Morgantown Dominion Post

October 16, 2003

County Joins In River Cleanup

Signs Onto Resolution Circulating Among Monongahela Communities

By Evelyn Ryan

This time, Monongalia County Commissioner Bob Bell is not alone in his drive to clean up the debris that collects behind the locks and dams on the Monongahela River.

The question arose at a Region Six Planning and Development Council meeting, he said, and resulted in a resolution that's going to communities up and down the river.

The goal is to have Congress authorize and finance a demonstration clean-up project, to be conducted on the Upper Monongahela River, home to Opekiska, Hildebrand, Morgantown and Point Marion locks and dams.

"We don't know what's floating in our rivers," Bell said. "This stuff flows up to Pittsburgh, and then into the Ohio."

Mon County commissioners Wednesday approved the resolution, already endorsed by the Mon County Development Authority and Mon County Solid Waste Authority.

The Monongahela River begins at the confluence of the West Fork and Tygart rivers at Fairmont, and flows north to Pittsburgh. Fairmont and Rivesville, both with riverfront development plans, see the debris as a problem, Bell said, as does Clarksburg and other communities along the tributaries. He's also gotten complaints from the new Radisson Hotel in the Wharf District.

"I visited the Chesapeake Bay and Inner Harbor and watched them do litter pickup in those areas," Bell said. "A one-man operation, it seemed to be very simple, with a paddle boat, and you probably get 85 percent of the trash."

Bell said he would like to find a way to remove the debris, which ranges from trees to empty soda bottles, and bring it to the county recycling center, not far from the Morgantown Lock and Dam. Once at the center, the items would be separated and inventoried, to try to determine where it originates. He admits this would be costly.

The debris behind the Morgantown dam is supposedly released at 2 a.m., when it's not visible to folks on the shores, he said.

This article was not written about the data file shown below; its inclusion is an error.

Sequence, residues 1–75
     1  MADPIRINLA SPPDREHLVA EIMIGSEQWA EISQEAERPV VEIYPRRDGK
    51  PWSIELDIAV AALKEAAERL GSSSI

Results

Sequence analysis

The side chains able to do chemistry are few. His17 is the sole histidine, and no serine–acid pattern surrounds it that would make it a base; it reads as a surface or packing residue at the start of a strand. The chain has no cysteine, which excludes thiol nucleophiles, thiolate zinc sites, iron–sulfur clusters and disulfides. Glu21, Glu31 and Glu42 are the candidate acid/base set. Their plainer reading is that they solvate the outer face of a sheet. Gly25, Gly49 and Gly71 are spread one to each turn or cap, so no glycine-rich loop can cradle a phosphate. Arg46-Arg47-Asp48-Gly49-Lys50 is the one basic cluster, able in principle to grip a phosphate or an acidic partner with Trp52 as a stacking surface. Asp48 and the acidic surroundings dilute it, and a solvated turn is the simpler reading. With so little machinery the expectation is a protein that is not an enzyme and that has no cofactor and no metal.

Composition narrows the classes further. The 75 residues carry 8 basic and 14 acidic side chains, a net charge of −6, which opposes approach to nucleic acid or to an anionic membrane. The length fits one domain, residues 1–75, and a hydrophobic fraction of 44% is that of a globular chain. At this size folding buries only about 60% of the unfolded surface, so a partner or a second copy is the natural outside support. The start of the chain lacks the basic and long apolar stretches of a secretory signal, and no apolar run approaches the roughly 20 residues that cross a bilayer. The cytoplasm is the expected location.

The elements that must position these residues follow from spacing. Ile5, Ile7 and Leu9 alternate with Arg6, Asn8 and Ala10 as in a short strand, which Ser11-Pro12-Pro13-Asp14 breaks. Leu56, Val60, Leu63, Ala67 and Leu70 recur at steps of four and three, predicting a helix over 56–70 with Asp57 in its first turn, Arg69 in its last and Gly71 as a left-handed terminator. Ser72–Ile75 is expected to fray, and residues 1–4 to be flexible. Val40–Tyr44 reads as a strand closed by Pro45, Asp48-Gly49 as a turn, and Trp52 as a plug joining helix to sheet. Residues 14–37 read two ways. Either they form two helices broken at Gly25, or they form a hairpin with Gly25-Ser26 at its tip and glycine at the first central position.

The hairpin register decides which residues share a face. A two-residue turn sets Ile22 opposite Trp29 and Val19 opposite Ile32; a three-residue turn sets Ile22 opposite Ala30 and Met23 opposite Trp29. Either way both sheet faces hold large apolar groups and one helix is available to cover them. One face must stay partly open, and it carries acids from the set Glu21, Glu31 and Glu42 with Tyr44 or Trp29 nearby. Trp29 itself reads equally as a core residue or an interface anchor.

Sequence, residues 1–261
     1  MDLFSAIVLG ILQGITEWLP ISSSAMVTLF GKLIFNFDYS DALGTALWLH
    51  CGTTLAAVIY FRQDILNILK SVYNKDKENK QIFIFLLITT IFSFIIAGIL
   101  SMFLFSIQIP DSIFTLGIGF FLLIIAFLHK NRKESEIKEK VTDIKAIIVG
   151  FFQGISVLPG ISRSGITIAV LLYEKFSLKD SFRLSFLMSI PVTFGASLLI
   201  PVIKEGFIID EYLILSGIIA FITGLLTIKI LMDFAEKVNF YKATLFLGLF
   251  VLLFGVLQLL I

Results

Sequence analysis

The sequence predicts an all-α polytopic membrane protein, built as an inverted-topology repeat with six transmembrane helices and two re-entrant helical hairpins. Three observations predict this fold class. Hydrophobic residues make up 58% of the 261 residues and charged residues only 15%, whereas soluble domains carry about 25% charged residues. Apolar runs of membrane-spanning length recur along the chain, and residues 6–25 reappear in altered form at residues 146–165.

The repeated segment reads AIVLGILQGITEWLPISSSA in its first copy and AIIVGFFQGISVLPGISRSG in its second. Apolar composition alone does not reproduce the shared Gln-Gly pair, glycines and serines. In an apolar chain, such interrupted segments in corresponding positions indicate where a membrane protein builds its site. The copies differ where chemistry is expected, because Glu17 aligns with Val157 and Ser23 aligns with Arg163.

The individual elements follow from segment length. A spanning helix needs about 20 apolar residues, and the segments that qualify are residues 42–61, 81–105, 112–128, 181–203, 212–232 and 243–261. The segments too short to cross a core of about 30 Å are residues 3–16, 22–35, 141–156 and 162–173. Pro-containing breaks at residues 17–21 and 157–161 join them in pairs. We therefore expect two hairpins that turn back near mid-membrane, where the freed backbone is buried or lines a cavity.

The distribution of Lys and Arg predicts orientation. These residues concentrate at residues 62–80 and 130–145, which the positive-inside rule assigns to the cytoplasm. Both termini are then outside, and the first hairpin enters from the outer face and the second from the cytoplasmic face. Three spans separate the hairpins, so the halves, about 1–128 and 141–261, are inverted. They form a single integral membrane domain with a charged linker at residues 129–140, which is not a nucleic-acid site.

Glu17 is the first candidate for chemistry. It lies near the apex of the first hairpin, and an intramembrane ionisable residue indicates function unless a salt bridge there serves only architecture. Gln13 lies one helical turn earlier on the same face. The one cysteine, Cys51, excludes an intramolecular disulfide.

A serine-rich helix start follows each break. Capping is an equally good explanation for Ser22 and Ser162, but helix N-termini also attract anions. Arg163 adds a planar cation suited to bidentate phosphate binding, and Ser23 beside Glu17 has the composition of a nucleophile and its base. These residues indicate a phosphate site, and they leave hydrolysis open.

At one time, the debris was released during the day. Bell complained and forced the U.S. Army Corps of Engineers, the lock operators, to change the time to the wee hours of the morning.

The Army Corps says it doesn't have enough money to do clean up behind the dams, Commission President Asel Kennedy said.

"It's a safety problem in trying to work behind the dam itself," he noted. "You might get sucked under very easily by the undertow. But I think its something we need to continue to work on, especially with all the development we have on the rail-trail and in the Wharf District."

The resolution says the debris offers visual and odor pollution; water pollution that's hazardous to humans and aquatic life; health and safety hazards, for community and industrial water intakes as well as those using the river for recreation; and navigation hazards.

The resolution asks Congress to fund the demonstration program "to develop the methods and technology needed to solve the problem of river trash and debris removal and disposal, and to develop a national technology base for addressing the river trash and debris problem on all our nation's navigable rivers."

A four-step approach is suggested: Phase 1, a report on historical approaches to dealing with river trash; Phase 2, develop approaches for dealing with the river trash and debris problem; Phase 3, a test of the favored approach to handling the matter; and Phase 4, evaluate the results and propose any further efforts that might be needed.